As Sam Daams said, this should have been a no-brainer – I’m sure a couple of hundred quid would have brought them loads of much-needed positive publicity – but I can well image the hoops that the TC social media person would have had to jump through to bring this to the attention of someone who *might* be able to do something about it. You just need to take a look at the Thomas Cook website and Twitter account to see how behind the times they are. I would like to think that this PR fail might bring some positive changes – but I very much doubt it.

     
  2. Ryan

    Wow, they really put the ass in Thomass Cook.

     
  3. Michael

    This is guerilla marketing at its best! I can understand why Thomas Cook would have been reluctant to give away a free trip as I’m sure they wouldn’t want a hundred more guys with the name Thomas Cook demanding the same deal….. but I still feel they could have gained some good PR by offering the weekend.

    On the other hand lowcostholidays had no risk here and everything to gain as there is no way that they would appear obligated to anyone else trying to cash in.

    If I were lowcostholidays I would sign this guy up as a spokesperson ASAP. Imagine running an ad campaign where Thomas Cook is promoting your product. I can definitely think of some interesting ways to leverage it.

     
  4. Alex Kremer

    The interesting thing about this is marketers being smart enough to determine the exception from the norm. Of course TC wouldn’t just let me go on a free holiday by asking on FB. But the fact that this was a story with legs should’ve been noticeable by the people managing the FB page. If it wasn’t, they don’t read the likes of Reddit enough.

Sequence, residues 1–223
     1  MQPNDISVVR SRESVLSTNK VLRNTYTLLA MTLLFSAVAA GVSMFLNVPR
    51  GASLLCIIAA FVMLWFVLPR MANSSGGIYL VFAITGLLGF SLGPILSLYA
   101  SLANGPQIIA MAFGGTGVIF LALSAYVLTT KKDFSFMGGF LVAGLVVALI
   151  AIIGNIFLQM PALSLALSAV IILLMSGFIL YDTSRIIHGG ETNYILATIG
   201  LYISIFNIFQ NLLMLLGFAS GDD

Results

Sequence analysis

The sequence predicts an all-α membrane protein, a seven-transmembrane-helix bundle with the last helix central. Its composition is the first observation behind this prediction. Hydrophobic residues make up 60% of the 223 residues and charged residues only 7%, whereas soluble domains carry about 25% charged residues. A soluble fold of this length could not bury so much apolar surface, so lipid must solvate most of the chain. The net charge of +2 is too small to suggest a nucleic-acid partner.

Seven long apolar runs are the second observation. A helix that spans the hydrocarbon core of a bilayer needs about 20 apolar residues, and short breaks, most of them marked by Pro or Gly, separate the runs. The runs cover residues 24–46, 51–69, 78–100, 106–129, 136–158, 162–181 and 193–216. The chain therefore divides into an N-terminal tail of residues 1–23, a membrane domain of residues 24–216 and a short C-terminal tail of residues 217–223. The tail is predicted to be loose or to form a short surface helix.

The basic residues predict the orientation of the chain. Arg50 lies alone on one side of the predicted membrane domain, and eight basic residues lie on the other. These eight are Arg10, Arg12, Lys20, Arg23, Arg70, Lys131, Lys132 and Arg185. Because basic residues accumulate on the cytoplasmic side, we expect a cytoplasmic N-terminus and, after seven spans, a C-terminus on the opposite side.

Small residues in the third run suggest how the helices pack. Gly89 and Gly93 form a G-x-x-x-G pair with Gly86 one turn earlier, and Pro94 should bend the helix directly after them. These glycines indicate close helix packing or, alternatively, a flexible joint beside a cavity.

• Sean O'Neill

      Sean O'Neill

      Excellent point: What a company should be paying for is judgment and good instincts.

       
  5. Thomas Cook

    I had no idea it would blow up like this. I just thought it was quite an amusing story and shared. The power of social media.

    I really hope no one got into any trouble over this.

     
  6. Nicolas Hauviller

    First, nice article.
    I understand that Lowcosthollidays hires smart Community Managers. However
    we cannot blame Thomas Cook for its way to handle this Facebook post from “Thomas Cook” and the subsequent « crisis » .
    When you are talking about Thomas Cook Group, you are talking about more than 31 000 employees (2010 figures from Wikipedia) whereas lowcosthollidays has about 150 staff.
    Difficult to fight in the Social Media arena in such cases as the decision processes, press relationship management, community management may be so different between the 2 companies.